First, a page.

Established alternative right speaker, Milo Yiannopoulos, will be presenting at numerous California universities this coming January and February.
The self-described alternative right or “alt-right” group’s movement is mainly focused on white identity and mostly operates online. According to the Southern Poverty Law Center, this group’s core belief is that white identity is under attack by political correctness and social justice to undermine white people.
Richard B. Spencer is the director and president of the National Policy Institute (NPI), an organization “dedicated to the heritage, identity, and future of people of European descent in the United States, and around the world,” according to the NPI’s website. Spencer created the alt-right group and is considered to be the group’s leader.
On Nov. 19, the “alt-right” group gathered and celebrated President-elect Trump’s win, where Spencer and others in the audience allegedly doing the Nazi salute, while Spencer was saying, “Hail Trump, hail our people, hail victory.”
“As a Chicano male, it is always infuriating to hear people promote racism and hate,” Alfonso Alvarez, a freshman accounting and finance double-major, said. “It is scary, not only for me, but [for] all minorities to think that the next four [years] will be led by someone who is promoted by a group of people who idolize white supremacy.”
Yiannopoulos is a prominent figurehead for the “alt-right” movement and is known for his criticisms of social justice, feminism and Islam. Some are concerned with Yiannopoulos speaking at universities such as UC Davis, UC Santa Barbara, UC Berkeley, UCLA and the University of San Diego.
“I know we’re in California, which is generally considered a more progressive state, but that doesn’t mean there’s no racism or homophobia here,” Alison Taoyama, a sophomore psychology and theatre double-major, said. “I’m worried that his speech would normalize this kind of disrespect and encourage people to act hatefully as a result.”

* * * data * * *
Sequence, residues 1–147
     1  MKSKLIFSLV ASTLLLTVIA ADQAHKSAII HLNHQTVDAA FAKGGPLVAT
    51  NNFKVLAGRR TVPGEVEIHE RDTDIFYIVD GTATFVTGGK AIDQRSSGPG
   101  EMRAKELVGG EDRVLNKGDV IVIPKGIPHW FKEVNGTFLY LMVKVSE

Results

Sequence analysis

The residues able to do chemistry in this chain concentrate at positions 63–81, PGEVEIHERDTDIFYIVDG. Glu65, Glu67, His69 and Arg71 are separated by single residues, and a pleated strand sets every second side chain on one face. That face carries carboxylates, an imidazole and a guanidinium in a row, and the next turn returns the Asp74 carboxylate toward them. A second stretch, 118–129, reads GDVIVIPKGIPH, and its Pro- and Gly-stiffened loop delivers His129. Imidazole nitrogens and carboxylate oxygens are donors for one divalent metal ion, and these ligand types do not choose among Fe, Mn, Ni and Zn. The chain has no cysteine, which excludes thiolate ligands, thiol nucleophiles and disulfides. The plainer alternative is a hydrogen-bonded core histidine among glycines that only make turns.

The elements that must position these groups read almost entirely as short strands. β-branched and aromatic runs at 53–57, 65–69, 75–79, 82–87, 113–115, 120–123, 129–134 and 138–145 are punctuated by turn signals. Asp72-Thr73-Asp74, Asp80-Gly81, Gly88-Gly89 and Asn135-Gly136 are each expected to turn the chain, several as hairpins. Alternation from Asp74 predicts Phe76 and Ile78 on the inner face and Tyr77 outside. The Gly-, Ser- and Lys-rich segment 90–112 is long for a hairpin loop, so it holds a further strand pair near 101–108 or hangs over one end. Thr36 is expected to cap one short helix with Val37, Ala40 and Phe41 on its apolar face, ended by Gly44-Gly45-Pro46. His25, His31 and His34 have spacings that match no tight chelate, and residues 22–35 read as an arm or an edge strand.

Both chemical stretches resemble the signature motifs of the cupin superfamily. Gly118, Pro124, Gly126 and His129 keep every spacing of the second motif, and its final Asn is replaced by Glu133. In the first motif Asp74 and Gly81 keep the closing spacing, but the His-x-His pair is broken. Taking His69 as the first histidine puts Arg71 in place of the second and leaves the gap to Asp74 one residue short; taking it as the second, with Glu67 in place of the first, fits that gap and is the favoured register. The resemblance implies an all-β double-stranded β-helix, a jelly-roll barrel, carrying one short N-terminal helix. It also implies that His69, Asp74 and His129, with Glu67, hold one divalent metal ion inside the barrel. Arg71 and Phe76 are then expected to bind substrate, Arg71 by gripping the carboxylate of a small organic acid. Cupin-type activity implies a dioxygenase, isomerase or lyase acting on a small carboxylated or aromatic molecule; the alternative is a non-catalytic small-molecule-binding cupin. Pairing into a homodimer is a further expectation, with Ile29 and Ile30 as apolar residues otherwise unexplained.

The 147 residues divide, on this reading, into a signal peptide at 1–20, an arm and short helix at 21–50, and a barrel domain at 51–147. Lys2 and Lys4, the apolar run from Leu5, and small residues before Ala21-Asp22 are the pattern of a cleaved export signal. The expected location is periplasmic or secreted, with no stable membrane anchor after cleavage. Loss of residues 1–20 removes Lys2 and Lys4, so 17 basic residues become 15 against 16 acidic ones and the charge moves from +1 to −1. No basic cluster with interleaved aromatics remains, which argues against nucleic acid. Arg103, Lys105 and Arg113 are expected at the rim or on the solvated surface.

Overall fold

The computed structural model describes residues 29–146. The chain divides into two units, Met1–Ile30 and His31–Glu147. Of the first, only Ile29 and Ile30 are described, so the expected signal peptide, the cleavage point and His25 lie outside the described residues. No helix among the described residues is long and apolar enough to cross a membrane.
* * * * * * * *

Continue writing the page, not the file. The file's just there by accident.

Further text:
Taoyama expressed concern for Yiannopolos’ position as a spokesperson, as he will attempt to validate anti-progressive ideologies towards women, the LGBTQ community, people of color, undocumented immigrants and other minorities.
“He stands to uphold a system that lives off the oppression, belittlement and dehumanization of minority groups; and when the type of people who are emboldened by this are the same types of people who already harass or degrade people for their identities, it creates an unsafe environment for minorities to be in,” Taoyama said.
According to an event on Facebook, on Thursday, Feb. 2, a peaceful protest will be held outside of Yiannopoulos’ seminar at UCLA. The post also urges students to push Chancellor Gene D. Block to cancel the event.
“Although I agree that institutions should be a location where diverse thoughts and opinions are welcomed, someone who desires to normalize a mindset that allows and often promotes violence […] towards any community should not be welcomed,” Kiana Gums, a junior economics and political science major, said.
“Women and men like Milo Yiannopoulos use coded language to explain oppressive policies and create a fear of [the]‘other’ in the subconscious of their following [...] The danger of having an ‘alt-right’ speaker come to any university is that they exploit people’s intrinsic fear of ‘other’ to promote their racist, sexist, homophobic, islamophobic ideology.”